As a concept, cheating itself is based on certain mechanisms in the economics realm. Economics postulates that in his or her pursuits, a rational person will always seek to maximize utility, or get the most possible gain from a certain course of action. By cheating, a person may be able to gain more while putting in less work, thereby maximizing the marginal utility (the effort put in subtracted from the reward gained). Thus, even rational people are incentivized to cheat, just like these schoolteachers and sumo wrestlers.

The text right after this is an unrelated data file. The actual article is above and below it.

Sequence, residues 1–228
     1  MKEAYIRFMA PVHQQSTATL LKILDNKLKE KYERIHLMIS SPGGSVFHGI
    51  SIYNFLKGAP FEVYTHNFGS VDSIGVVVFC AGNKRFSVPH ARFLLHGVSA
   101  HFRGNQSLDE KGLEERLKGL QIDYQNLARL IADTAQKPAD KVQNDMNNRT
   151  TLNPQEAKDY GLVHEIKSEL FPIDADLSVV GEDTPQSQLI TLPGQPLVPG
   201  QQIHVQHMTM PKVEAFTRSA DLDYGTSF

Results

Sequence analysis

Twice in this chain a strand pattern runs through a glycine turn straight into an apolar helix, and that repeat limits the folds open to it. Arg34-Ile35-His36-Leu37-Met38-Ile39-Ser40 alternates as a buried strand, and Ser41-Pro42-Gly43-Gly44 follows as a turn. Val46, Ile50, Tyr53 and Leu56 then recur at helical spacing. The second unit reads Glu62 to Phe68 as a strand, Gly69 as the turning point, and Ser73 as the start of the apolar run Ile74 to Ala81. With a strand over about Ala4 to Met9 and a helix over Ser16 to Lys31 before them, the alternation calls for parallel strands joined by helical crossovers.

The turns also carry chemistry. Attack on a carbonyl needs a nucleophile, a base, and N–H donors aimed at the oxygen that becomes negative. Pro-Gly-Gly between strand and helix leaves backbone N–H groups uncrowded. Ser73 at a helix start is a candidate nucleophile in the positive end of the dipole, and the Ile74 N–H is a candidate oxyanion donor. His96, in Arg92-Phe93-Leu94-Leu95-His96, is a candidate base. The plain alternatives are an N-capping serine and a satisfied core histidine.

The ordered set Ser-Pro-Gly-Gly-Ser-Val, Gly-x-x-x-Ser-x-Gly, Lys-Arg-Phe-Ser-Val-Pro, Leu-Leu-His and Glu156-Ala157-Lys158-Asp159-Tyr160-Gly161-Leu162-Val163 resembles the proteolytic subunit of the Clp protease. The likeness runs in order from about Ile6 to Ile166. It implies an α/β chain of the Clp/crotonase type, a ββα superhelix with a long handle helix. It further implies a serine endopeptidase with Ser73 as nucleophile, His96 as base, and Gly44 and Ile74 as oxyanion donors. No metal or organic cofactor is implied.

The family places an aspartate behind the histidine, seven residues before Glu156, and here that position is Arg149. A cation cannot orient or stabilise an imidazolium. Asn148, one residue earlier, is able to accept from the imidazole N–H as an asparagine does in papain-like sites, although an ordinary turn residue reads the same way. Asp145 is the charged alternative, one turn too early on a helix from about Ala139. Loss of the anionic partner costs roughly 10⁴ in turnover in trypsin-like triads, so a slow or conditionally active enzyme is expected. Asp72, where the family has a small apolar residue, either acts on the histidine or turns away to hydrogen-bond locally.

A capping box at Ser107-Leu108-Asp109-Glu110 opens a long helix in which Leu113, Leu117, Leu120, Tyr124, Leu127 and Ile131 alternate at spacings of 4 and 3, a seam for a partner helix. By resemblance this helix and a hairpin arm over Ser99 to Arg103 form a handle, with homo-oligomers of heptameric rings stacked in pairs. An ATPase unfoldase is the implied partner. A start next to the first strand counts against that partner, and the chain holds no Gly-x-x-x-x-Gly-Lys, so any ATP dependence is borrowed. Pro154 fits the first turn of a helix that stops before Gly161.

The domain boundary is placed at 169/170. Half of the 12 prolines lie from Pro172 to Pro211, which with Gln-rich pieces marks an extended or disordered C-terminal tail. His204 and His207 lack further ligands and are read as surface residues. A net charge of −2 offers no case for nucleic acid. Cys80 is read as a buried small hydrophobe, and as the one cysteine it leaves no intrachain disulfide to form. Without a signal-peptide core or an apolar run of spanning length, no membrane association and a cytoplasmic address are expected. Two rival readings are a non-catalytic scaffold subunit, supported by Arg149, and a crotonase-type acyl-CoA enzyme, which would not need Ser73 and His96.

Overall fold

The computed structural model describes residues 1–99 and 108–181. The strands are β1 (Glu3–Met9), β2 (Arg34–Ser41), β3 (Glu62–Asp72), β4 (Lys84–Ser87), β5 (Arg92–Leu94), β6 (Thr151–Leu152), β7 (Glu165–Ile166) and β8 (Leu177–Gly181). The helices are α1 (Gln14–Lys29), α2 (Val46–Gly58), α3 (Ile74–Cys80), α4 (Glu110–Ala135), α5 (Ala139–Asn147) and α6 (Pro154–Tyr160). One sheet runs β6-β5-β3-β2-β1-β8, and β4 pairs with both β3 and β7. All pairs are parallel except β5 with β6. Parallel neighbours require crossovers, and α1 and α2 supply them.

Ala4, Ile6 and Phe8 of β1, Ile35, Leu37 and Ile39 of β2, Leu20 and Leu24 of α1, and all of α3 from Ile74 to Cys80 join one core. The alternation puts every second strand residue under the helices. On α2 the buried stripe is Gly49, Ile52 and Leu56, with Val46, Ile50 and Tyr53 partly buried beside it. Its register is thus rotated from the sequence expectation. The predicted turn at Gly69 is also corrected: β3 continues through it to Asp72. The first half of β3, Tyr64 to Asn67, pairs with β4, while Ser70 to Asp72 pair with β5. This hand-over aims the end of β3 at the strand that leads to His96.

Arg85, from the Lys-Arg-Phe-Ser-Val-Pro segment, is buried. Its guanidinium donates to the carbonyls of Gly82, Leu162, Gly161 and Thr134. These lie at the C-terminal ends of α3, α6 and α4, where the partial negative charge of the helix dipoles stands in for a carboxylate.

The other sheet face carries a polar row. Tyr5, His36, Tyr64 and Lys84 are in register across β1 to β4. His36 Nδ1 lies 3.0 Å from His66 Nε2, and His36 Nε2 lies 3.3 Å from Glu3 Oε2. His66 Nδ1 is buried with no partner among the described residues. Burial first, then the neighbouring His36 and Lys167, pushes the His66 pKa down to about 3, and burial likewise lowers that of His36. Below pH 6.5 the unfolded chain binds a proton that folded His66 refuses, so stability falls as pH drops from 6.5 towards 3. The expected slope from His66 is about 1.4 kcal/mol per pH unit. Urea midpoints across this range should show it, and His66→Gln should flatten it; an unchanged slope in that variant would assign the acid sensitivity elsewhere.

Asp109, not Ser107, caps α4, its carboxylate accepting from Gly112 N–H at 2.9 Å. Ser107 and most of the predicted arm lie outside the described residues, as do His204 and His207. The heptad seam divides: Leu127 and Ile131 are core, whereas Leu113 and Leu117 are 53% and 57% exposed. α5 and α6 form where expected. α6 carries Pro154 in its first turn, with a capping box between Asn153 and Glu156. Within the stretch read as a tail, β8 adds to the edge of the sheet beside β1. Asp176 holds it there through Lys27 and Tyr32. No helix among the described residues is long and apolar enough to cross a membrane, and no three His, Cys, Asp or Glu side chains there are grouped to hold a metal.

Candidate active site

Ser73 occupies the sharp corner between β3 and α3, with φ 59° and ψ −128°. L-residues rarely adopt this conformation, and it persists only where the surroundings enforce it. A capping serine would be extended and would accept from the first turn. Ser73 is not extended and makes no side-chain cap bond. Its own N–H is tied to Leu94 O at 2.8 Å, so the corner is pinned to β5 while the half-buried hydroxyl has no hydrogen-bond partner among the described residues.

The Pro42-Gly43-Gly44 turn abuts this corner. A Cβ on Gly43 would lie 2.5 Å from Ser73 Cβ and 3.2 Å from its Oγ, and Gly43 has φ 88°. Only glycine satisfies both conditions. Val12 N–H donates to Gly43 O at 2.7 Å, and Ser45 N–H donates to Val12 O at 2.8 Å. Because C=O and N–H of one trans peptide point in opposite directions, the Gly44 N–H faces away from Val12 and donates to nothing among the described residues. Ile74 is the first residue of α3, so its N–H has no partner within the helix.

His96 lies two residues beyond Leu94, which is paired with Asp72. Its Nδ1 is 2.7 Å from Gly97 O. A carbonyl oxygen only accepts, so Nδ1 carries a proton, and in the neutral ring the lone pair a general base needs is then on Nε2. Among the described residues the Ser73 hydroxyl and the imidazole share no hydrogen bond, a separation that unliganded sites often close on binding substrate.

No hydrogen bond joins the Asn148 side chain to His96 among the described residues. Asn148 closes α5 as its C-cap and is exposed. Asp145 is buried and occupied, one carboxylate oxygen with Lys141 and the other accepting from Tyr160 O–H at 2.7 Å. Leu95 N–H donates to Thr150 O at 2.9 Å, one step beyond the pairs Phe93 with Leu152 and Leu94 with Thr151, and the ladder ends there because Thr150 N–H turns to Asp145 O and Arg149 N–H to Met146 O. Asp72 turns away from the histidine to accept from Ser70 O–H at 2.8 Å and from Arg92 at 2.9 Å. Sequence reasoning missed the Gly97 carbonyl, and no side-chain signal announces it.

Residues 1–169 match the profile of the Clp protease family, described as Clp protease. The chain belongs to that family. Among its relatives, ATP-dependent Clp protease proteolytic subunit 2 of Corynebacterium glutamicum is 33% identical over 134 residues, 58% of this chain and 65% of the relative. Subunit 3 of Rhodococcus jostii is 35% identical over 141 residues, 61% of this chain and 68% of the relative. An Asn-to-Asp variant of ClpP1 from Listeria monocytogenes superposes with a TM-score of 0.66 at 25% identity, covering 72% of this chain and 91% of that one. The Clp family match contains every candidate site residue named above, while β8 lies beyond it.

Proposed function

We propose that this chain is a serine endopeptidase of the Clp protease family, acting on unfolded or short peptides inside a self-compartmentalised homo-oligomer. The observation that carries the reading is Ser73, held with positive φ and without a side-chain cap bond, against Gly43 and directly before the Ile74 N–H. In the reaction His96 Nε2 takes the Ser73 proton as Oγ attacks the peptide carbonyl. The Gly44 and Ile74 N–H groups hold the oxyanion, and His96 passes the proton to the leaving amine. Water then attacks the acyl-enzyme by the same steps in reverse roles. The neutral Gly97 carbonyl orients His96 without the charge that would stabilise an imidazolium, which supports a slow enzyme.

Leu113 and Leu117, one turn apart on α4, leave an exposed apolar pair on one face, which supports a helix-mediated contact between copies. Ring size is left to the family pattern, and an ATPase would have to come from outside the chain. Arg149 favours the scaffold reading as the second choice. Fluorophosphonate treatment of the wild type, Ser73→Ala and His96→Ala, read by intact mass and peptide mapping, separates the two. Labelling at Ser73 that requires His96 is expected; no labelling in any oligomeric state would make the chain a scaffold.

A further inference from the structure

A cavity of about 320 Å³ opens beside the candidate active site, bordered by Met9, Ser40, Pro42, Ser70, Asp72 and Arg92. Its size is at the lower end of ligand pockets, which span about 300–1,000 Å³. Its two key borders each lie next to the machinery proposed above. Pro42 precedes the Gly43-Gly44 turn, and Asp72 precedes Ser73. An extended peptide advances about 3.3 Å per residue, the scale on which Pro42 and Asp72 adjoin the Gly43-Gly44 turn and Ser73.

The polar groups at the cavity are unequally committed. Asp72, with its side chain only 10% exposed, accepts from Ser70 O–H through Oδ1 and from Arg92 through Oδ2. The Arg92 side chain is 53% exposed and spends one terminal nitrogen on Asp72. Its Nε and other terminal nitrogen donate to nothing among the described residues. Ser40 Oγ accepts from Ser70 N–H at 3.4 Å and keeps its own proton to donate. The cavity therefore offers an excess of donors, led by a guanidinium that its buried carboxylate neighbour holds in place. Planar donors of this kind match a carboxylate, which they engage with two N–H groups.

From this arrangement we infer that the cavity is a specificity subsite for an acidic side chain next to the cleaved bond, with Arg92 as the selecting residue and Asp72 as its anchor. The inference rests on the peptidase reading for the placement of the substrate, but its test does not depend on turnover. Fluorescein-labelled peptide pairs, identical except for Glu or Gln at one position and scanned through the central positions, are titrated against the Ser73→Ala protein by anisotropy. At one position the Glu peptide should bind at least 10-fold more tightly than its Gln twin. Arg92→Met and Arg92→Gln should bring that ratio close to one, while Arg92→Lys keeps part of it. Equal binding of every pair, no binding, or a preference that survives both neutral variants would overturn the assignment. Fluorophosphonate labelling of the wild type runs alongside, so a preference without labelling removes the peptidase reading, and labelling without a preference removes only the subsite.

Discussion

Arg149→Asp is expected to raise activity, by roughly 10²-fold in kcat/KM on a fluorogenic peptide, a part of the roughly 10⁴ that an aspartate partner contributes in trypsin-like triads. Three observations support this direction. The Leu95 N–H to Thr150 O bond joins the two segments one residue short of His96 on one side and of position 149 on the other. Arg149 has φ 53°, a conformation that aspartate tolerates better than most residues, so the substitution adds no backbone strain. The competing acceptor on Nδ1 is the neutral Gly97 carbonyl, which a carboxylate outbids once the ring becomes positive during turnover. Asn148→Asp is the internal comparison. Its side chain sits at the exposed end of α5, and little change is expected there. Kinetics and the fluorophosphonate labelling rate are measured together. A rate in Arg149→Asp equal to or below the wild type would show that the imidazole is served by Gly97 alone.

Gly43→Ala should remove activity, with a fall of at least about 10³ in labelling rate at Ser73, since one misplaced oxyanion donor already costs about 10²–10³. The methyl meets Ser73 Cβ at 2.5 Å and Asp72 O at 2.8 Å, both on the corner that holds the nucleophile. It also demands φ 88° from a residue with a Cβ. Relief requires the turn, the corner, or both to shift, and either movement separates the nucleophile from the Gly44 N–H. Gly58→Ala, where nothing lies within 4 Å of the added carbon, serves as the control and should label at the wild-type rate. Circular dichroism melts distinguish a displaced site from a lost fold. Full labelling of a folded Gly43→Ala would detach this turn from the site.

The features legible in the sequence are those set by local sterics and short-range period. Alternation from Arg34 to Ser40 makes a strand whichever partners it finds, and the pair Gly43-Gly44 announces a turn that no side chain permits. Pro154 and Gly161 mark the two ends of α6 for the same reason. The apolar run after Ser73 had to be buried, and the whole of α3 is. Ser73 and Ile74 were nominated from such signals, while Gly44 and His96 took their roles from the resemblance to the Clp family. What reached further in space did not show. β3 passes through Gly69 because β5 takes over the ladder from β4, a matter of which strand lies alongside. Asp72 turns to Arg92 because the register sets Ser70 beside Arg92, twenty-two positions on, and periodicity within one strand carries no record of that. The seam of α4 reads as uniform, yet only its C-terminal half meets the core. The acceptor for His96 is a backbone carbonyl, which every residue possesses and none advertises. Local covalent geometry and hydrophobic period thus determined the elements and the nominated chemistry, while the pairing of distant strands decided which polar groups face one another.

If the economy were allowed to work untouched, then it is likely that rational consumers and competitors would continue to cheat unchecked, since there is incentive to do so. However, this is where centralized agencies like governmental organizations come in. They seek to moderate the playing field and provide economic and social incentives not to cheat, as was the case with the board of Chicago Public Schools and the cheating teachers. This type of regulation works in small-scale situations like this, but it is also is at play in the larger economic world of firms, corporations, and businesses. Governmental regulation exists to make sure cheating remains at a minimum.